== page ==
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To Talk or Not to Talk: Smart Speaker Determines Optimal Timing to Talk​
View : 802 Date : 2020-11-05 Writer : PR Office

A KAIST research team has developed a new context-awareness technology that enables AI assistants to determine when to talk to their users based on user circumstances. This technology can contribute to developing advanced AI assistants that can offer pre-emptive services such as reminding users to take medication on time or modifying schedules based on the actual progress of planned tasks.

Unlike conventional AI assistants that used to act passively upon users’ commands, today’s AI assistants are evolving to provide more proactive services through self-reasoning of user circumstances. This opens up new opportunities for AI assistants to better support users in their daily lives. However, if AI assistants do not talk at the right time, they could rather interrupt their users instead of helping them.

The right time for talking is more difficult for AI assistants to determine than it appears. This is because the context can differ depending on the state of the user or the surrounding environment.

A group of researchers led by Professor Uichin Lee from the KAIST School of Computing identified key contextual factors in user circumstances that determine when the AI assistant should start, stop, or resume engaging in voice services in smart home environments. Their findings were published in the Proceedings of the ACM on Interactive, Mobile, Wearable and Ubiquitous Technologies (IMWUT) in September.

The group conducted this study in collaboration with Professor Jae-Gil Lee’s group in the KAIST School of Computing, Professor Sangsu Lee’s group in the KAIST Department of Industrial Design, and Professor Auk Kim’s group at Kangwon National University.

After developing smart speakers equipped with AI assistant function for experimental use, the researchers installed them in the rooms of 40 students who live in double-occupancy campus dormitories and collected a total of 3,500 in-situ user response data records over a period of a week.

The smart speakers repeatedly asked the students a question, “Is now a good time to talk?” at random intervals or whenever a student’s movement was detected. Students answered with either “yes” or “no” and then explained why, describing what they had been doing before being questioned by the smart speakers.

Data analysis revealed that 47% of user responses were “no” indicating they did not want to be interrupted. The research team then created 19 home activity categories to cross-analyze the key contextual factors that determine opportune moments for AI assistants to talk, and classified these factors into ‘personal,’ ‘movement,’ and ‘social’ factors respectively.

Personal factors, for instance, include:
1. the degree of concentration on or engagement in activities,
2. the degree urgency and busyness,
3. the state of user’s mental or physical condition, and
4. the state of being able to talk or listen while multitasking.
While users were busy concentrating on studying, tired, or drying hair, they found it difficult to engage in conversational interactions with the smart speakers.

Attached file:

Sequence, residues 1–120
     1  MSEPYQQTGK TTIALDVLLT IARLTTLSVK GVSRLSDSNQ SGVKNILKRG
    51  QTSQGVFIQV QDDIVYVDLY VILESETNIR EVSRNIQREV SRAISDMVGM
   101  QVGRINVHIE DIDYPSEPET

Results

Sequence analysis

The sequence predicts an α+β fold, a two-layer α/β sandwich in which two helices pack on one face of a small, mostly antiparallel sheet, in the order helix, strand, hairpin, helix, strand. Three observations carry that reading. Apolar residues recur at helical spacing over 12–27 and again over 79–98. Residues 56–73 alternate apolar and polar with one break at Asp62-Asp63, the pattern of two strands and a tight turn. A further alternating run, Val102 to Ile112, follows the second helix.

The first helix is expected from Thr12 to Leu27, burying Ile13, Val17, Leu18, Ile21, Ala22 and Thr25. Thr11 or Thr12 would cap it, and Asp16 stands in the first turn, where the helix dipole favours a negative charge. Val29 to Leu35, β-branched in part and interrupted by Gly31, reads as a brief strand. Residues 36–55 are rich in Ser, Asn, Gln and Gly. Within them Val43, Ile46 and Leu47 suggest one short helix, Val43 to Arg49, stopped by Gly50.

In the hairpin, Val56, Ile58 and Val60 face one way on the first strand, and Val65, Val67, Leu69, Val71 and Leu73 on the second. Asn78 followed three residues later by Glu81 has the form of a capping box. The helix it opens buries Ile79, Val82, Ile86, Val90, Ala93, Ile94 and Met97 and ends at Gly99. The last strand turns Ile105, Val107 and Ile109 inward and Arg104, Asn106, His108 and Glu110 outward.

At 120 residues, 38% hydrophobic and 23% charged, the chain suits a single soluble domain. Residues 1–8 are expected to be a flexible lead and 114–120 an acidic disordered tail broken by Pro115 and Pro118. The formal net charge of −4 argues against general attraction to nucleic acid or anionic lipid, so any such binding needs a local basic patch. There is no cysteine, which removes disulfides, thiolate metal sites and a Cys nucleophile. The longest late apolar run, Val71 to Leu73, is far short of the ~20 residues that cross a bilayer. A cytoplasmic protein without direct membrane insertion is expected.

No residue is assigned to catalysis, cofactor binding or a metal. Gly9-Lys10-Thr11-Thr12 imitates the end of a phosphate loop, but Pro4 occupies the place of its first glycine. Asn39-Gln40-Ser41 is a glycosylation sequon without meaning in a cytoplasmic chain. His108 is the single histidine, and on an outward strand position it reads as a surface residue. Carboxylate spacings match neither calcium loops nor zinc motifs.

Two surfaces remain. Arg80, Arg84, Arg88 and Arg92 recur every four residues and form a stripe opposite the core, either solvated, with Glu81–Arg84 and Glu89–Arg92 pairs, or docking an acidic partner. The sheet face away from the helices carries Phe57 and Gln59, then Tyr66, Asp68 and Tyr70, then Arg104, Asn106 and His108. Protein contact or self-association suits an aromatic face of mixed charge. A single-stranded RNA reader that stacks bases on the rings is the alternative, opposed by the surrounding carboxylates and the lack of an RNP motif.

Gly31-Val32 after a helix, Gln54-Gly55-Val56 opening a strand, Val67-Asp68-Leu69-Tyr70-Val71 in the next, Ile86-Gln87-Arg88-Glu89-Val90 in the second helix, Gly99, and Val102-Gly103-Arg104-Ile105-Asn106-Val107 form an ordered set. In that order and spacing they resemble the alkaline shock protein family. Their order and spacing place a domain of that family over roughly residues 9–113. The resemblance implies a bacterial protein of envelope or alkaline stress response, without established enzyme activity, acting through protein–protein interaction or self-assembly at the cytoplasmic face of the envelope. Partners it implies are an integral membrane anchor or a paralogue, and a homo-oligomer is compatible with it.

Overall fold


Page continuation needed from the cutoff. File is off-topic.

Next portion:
Some representative movement factors include departure, entrance, and physical activity transitions. Interestingly, in movement scenarios, the team found that the communication range was an important factor. Departure is an outbound movement from the smart speaker, and entrance is an inbound movement. Users were much more available during inbound movement scenarios as opposed to outbound movement scenarios.

In general, smart speakers are located in a shared place at home, such as a living room, where multiple family members gather at the same time. In Professor Lee’s group’s experiment, almost half of the in-situ user responses were collected when both roommates were present. The group found social presence also influenced interruptibility. Roommates often wanted to minimize possible interpersonal conflicts, such as disturbing their roommates' sleep or work.

Narae Cha, the lead author of this study, explained, “By considering personal, movement, and social factors, we can envision a smart speaker that can intelligently manage the timing of conversations with users.”

She believes that this work lays the foundation for the future of AI assistants, adding, “Multi-modal sensory data can be used for context sensing, and this context information will help smart speakers proactively determine when it is a good time to start, stop, or resume conversations with their users.”

This work was supported by the National Research Foundation (NRF) of Korea.

Image 1. In-situ experience sampling of user availability for conversations with AI assistants

< Image 1. In-situ experience sampling of user availability for conversations with AI assistants >

Image 2. Key Contextual Factors that Determine Optimal Timing for AI Assistants to Talk

< Image 2. Key Contextual Factors that Determine Optimal Timing for AI Assistants to Talk >

Publication:
Cha, N, et al. (2020) “Hello There! Is Now a Good Time to Talk?”: Opportune Moments for Proactive Interactions with Smart Speakers. Proceedings of the ACM on Interactive, Mobile, Wearable and Ubiquitous Technologies (IMWUT), Vol. 4, No. 3, Article No. 74, pp. 1-28. Available online at https://doi.org/10.1145/3411810 

Link to Introductory Video:
https://youtu.be/AA8CTi2hEf0

Profile:
Uichin Lee
Associate Professor
uclee@kaist.ac.kr
http://ic.kaist.ac.kr
Interactive Computing Lab.
School of Computing
https://www.kaist.ac.kr
Korea Advanced Institute of Science and Technology (KAIST)
Daejeon, Republic of Korea

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